How does an initial public offering (IPO) gain momentum and deliver strong financial performance? This is not an easy question to answer. There are too many important parameters, including market conditions and investor sentiment. With major stock indexes near all-time highs, On Holding AG (NYSE:ONON) went public via IPO in mid-September. ON stock was priced at $24 for the IPO.
Source: It for you / Shutterstock.com
Timing is very important to the success of an IPO. Is ONON stock worth considering now? My answer is twofold. Yes, the stock is worth monitoring, but now is not the time to blindly add it to your portfolio. Let me explain.
Not all IPOs are the same. Some are good and perform well, some are too stretched in terms of valuation and a few of them are in between with a reasonable valuation and great business prospects. On Holding has the potential to be in that third category. Here is why.
ONON Stock: What the IPO Performance Tells Us
On Holding sells shoes and other athletic apparel for indoor and outdoor sports and training. It offers numerous categories of products to appeal to all lifestyles.
On describes its lofty ambitions on its website: “On was born in the Swiss alps with one goal: to revolutionize the sensation of running. It’s all based on one radical idea. Soft landings followed by explosive take-offs. Or, as we call it, running on clouds.”
On’s custom sole, CloudTec, is what makes On shoes unique, and is designed for a premium running experience. But a great product alone doesn’t guarantee success for the company making it; that depends on management, financial performance, profitability, a strong balance sheet and positive free cash flows.
After launching its IPO at $24, ON stock closed on its first day at $35. That’s not a bad day, but it’s not a phenomenal one either. The trading volume for ONON stock on its first day was 13.77 million. Two days later it reached a high of $40.80 on volume of just 3.66 million. The price and volume have both trended downward since, closing on Oct. 12 at $30.54 with volume of 1.16 million.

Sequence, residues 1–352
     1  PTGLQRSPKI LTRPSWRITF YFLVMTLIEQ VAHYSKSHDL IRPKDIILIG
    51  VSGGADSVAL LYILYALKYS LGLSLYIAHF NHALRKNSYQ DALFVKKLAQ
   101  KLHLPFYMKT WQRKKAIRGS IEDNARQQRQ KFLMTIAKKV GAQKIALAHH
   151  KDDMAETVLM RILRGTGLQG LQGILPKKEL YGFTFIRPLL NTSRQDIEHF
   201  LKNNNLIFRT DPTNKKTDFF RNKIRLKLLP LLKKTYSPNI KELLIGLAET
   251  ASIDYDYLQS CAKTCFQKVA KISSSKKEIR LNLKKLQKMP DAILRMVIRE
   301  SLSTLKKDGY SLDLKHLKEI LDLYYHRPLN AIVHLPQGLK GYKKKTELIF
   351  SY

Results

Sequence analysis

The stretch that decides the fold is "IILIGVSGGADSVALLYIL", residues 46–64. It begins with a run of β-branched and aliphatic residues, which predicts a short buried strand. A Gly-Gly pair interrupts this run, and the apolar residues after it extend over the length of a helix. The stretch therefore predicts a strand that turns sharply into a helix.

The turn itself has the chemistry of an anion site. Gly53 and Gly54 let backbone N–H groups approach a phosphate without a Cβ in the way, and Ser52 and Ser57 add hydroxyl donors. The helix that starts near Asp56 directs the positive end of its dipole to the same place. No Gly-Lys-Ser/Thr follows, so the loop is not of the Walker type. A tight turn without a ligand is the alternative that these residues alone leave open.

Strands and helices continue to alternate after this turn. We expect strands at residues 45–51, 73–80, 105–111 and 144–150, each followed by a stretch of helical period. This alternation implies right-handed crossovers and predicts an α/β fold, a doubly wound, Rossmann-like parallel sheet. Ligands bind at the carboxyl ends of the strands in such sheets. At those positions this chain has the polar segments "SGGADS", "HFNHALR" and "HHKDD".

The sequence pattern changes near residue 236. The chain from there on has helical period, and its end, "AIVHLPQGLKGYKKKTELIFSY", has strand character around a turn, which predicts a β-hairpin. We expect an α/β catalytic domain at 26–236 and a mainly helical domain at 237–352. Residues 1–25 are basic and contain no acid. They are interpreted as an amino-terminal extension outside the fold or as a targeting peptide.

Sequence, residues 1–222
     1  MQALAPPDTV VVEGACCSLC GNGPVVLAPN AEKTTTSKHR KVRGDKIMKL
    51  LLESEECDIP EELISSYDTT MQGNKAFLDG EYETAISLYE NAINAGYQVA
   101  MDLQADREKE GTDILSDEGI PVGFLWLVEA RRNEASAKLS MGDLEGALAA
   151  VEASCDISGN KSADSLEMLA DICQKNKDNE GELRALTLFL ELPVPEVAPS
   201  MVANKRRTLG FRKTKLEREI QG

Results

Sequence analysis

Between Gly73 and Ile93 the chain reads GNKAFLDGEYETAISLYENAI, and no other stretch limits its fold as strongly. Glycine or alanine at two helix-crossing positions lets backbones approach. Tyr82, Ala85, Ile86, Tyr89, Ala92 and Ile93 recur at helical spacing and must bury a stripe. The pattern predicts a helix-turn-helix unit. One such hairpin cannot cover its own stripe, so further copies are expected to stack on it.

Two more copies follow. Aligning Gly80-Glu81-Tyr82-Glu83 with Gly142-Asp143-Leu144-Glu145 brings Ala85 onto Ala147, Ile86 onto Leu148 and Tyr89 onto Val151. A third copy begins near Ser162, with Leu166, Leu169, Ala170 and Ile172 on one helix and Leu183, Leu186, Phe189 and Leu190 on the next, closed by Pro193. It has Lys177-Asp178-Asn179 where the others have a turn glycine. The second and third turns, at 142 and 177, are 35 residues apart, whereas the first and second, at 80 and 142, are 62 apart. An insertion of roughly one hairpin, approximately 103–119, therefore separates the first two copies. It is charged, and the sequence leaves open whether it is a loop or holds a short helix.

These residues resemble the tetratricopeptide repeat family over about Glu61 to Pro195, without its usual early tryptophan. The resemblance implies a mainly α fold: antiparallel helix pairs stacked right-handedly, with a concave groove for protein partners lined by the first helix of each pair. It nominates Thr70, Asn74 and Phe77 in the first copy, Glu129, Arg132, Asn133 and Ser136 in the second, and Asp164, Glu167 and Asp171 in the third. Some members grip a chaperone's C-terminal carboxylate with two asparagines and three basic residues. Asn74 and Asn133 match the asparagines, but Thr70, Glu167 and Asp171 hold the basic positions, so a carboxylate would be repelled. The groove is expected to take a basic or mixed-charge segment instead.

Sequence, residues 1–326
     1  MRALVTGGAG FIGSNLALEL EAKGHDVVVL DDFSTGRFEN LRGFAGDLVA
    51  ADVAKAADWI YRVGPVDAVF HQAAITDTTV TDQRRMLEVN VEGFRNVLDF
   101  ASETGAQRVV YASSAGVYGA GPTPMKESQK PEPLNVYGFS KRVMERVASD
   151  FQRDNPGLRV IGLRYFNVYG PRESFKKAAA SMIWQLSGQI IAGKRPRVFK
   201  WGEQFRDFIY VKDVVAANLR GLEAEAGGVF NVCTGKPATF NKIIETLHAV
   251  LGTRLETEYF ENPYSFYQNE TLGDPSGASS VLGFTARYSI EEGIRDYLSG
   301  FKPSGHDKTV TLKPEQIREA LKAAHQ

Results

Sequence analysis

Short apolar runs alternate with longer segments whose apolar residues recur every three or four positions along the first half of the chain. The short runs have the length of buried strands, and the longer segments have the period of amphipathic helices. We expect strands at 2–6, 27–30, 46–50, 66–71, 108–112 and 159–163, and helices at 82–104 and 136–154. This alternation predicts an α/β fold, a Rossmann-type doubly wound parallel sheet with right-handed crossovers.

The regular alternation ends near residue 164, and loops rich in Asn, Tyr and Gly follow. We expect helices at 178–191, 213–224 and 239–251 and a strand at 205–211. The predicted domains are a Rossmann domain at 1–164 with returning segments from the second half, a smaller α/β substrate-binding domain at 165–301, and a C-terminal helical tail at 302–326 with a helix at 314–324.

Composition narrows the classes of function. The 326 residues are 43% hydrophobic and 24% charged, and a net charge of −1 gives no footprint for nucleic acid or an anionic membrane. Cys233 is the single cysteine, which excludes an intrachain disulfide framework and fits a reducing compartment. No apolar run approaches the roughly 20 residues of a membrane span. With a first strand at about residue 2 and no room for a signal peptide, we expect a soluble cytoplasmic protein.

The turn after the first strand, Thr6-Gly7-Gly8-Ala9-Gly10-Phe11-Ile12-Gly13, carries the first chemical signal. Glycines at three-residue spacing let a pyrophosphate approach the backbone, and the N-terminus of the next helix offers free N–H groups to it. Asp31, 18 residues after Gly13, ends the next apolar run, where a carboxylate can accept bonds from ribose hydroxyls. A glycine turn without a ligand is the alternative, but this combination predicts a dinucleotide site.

This severe decline in volume shows investors are skeptical now and are waiting for developments like earnings results.
That’s a reasonable reaction. This lack of enthusiasm is fully justified without any major catalysts. Strong financial results would be a positive force for the stock.
On’s Impressive Sales Growth
When On announced its IPO, the announcement came with some good news. The company highlighted an average annual net sales growth of 85% in the last decade, a 59% gross margin in the first half of 2021 and net sales of 315 million CHF ($340 million) in the first half of 2021, 85% better than the year-prior period.
The company also highlighted its operation in more than 60 countries. This is good news as it diversifies market penetration and gives On access to a global market share in the shoe industry, but it comes at a cost: namely, higher operating and marketing expenses.
This revenue growth is impressive. But I am skeptical about its sustainability.
ONON Stock and the IPO Market
An article from a couple years ago highlighted five key factors that make IPOs successful:
- Sector and industry
- Firm age
- Path to profitability
- Sales growth
My biggest concerns for ONON stock are the sales growth, valuation and path to profitability. I want the sales growth to continue and for profitability to occur soon and last. What about valuation?
Assuming On’s sales for the latter half of 2021 match the first half, that would mean sales of about $680 million. At its current market capitalization, the multiple of market capitalization to the sales would be about 15 times. That’s too high without any annual or quarterly reports since the company went public. There’s very little data to evaluate, but the stock seems too expensive right now.
On Holding has set very high expectations based on its premium footwear. Without public financial data, though, I would advise waiting to evaluate its true strengths and weaknesses. For what it’s worth, I would like the company to succeed, and the stock may reflect this.
On the date of publication, Stavros Georgiadis, CFA did not have (either directly or indirectly) any positions in the securities mentioned in this article. The opinions expressed in this article are those of the writer, subject to the InvestorPlace.com Publishing Guidelines.
Stavros Georgiadis is a CFA charter holder, an Equity Research Analyst, and an Economist. He focuses on U.S. stocks and has his own stock market blog at thestockmarketontheinternet.com/. He has written in the past various articles for other publications and can be reached on Twitter and on LinkedIn.